A unique data set provides fresh insights for the growing institutional investor market
More than one third of households that rent live in a single-family home rather than an apartment building. While still dominated by mom-and-pop landlords, single-family rentals — valued at an estimated $2.3 trillion — are increasingly getting the attention of the institutional investor class.
Invitation Homes (INVH), the public face of Blackstone private equity's play in single-family rentals, has a current market capitalization near $12 billion. In the past year, Fannie Mae and Freddie Mac have begun to dip their toes into guaranteeing single-family rental bonds.
With homeownership rates dropping amid an affordability squeeze and stricter mortgage qualifying standards, the rental market is expected to play an increasingly larger role in American's housing picture (approximately 35 percent of households now rent). Yet there is a dearth of comprehensive return analysis of single-family rentals for investors to turn to. A quirk of existing research has been to focus either on the net yield or the price-appreciation potential, each to the exclusion of the other. (Net yield is calculated by subtracting expenses from gross rental income and dividing that by the purchase price of the property.)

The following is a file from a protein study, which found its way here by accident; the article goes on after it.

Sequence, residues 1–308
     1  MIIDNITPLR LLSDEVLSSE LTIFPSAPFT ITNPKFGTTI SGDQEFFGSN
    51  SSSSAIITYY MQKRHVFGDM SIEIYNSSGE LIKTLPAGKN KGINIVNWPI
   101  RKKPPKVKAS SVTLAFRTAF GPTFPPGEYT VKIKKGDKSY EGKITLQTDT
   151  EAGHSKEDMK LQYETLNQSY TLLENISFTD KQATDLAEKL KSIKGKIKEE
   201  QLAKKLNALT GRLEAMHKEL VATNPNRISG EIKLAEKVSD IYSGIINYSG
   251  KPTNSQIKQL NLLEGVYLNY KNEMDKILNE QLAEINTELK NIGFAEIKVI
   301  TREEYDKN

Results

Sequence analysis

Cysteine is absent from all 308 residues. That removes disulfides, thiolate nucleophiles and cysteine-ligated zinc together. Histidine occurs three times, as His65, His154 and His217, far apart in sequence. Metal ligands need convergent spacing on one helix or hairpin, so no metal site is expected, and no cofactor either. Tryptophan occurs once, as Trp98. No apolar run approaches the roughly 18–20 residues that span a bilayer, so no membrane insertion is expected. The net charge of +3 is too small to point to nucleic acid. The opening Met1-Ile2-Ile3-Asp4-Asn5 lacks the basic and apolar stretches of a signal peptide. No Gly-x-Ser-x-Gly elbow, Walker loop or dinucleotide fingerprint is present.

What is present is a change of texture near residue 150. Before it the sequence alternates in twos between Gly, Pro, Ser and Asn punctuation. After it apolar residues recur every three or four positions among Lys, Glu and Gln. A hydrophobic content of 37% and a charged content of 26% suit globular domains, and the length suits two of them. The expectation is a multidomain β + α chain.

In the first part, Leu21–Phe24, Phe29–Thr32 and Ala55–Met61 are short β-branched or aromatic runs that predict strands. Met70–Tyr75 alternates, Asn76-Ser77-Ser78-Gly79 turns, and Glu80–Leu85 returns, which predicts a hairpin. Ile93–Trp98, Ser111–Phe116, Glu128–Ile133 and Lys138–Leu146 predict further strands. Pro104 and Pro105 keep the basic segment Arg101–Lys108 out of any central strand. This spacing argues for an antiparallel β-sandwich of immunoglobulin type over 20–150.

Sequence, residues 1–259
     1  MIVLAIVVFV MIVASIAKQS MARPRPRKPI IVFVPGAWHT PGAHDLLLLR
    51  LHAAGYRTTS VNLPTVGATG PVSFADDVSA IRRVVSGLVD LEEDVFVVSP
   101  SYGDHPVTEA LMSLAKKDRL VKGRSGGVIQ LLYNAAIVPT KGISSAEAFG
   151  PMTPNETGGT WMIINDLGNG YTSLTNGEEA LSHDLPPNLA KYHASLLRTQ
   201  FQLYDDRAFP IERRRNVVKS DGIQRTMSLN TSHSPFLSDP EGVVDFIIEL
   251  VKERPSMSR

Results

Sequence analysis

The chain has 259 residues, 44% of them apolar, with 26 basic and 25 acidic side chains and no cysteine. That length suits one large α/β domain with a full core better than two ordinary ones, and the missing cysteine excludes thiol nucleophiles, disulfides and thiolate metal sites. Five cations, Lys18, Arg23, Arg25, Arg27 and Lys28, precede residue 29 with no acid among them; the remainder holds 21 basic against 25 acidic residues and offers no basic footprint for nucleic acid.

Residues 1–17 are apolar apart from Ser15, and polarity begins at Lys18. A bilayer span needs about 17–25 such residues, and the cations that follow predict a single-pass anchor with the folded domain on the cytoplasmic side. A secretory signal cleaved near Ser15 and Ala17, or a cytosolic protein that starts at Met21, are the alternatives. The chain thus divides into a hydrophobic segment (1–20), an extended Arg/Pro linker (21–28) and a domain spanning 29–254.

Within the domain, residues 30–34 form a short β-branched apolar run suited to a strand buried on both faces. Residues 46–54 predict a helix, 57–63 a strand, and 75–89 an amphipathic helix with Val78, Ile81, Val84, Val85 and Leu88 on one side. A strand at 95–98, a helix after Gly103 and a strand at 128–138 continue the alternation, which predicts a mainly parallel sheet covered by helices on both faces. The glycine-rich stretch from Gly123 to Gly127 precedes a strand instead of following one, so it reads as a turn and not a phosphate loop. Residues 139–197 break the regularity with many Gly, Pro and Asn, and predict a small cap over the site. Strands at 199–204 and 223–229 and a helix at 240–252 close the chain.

"Each component contributes approximately equally to the aggregate U.S. portfolio of housing returns, so excluding one component excludes half of total returns on average," write Andrew Demers, a real estate specialist at Structured Portfolio Management, and UCLA Anderson's Andrea Eisfeldt, in a working paper.